Social Skills & Assertiveness Deficits

Social skills refer to any skill or ability to facilitate interactions, recognize and reciprocate emotional cues from others, and communicate with others in various social situations. They are more often times than not associated with Pervasive Developmental Disorder (Autism, Asperger’s, etc) due to the impaired development in social interaction and communication of these disorders. With one in every 2,000 people qualifying somewhere on the Autism Spectrum, teaching social skills has consistently been the focus of many child enrichment programs, both academic and non-academic. In addition, children from low SES, children from different cultural backgrounds, and children with restricted peer interactions miss the finer details of social interactions and require assistance in understanding these situations. Some of the skills that are focused on in social skills training in children include, but are not limited to appropriate and polite ways to make requests (please) and express gratitude (thanks), addressing adults, shaking hands, taking turns, sharing, giving positive feedback (praise) to peers without put downs, and cooperation. Although it is always better to start early, adults can also benefit from social skills training.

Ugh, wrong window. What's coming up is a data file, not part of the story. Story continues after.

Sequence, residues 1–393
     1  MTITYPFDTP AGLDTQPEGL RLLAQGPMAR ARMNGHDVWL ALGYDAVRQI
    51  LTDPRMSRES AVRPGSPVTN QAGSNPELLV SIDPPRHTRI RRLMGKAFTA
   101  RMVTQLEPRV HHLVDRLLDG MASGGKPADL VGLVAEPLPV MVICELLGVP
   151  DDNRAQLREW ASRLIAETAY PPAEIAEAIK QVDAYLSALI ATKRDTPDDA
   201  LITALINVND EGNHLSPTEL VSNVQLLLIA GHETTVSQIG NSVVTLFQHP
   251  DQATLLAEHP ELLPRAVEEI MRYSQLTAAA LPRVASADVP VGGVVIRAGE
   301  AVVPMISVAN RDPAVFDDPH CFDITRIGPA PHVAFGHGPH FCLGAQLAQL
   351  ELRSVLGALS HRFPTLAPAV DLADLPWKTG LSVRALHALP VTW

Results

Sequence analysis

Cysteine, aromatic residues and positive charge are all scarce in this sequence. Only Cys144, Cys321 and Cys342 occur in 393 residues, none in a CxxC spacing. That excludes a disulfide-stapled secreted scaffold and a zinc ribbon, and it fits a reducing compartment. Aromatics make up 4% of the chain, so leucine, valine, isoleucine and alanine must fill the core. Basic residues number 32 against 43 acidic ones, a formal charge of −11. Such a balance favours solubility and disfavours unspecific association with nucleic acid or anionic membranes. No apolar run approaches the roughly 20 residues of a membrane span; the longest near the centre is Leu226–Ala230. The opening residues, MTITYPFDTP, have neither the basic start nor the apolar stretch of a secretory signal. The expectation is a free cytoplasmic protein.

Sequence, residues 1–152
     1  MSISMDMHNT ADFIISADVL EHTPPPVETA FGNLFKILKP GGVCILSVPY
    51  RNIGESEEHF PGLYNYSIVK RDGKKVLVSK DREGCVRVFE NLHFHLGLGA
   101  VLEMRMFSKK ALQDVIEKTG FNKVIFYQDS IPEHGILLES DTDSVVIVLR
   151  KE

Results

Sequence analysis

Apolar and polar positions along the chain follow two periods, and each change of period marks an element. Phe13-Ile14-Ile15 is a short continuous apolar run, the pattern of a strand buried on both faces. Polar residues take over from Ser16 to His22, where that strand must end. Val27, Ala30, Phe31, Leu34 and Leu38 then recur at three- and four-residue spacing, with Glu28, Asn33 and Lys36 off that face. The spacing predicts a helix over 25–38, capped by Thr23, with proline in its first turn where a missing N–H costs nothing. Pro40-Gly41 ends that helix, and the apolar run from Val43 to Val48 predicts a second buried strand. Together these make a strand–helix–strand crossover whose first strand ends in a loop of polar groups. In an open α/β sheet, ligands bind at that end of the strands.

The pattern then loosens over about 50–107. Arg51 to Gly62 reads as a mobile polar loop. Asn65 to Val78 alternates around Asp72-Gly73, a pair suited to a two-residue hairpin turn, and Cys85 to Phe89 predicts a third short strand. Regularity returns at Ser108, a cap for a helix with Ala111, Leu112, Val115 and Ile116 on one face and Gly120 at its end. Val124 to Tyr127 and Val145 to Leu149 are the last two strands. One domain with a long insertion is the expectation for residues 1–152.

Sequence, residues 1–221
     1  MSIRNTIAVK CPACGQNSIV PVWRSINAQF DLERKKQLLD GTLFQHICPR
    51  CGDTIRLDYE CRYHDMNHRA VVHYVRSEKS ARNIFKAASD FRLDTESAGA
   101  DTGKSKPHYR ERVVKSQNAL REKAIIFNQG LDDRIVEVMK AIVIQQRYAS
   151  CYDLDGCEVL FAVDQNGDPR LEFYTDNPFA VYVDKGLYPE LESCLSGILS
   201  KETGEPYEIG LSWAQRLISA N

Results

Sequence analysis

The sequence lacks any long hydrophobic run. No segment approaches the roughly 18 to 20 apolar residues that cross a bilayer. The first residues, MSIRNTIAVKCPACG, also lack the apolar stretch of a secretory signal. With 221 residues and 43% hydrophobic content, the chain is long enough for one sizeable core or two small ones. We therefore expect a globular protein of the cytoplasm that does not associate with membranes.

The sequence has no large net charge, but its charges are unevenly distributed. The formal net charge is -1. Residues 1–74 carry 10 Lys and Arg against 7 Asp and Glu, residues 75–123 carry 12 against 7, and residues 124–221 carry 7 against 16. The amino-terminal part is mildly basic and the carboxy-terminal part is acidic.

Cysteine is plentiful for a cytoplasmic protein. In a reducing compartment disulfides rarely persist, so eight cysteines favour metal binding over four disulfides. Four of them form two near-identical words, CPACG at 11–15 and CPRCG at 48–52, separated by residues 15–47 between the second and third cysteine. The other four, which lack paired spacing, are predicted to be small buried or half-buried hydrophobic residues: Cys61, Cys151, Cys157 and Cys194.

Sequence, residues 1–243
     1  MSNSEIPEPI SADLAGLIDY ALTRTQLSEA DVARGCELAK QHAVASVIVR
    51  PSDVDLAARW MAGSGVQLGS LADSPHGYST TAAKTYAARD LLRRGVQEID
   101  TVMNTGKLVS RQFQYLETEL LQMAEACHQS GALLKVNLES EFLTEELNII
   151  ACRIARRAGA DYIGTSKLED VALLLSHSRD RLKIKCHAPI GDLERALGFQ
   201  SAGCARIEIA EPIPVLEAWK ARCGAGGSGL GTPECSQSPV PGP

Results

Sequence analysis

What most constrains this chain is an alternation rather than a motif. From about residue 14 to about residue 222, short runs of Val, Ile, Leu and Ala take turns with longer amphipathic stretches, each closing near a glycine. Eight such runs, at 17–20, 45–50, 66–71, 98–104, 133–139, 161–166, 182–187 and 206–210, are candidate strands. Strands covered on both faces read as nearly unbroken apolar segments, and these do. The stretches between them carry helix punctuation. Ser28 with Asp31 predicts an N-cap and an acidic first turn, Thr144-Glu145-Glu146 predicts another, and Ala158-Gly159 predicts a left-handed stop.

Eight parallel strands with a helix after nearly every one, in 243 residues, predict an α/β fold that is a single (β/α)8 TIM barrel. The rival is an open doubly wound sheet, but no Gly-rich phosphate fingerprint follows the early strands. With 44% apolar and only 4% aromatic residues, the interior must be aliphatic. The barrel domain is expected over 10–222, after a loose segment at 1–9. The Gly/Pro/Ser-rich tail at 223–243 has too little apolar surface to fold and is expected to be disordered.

Assertiveness training may be an effective intervention for individuals who need improvement with social skills. Many individuals have trouble asserting themselves effectively to others. They may rarely speak up to express their needs and viewpoints, or they may express themselves in ways that others perceive as overly confrontational or demanding. Some individuals have little practice stating their perspectives appropriately and may benefit from applying skills training to multiple settings. Others find it relatively easy to assert themselves in certain situations (e.g., with close friends), but have great difficulty in other situations (e.g., with employers). For these individuals, the lack of assertiveness is typically associated with heightened worry about the potential consequences of asserting themselves.

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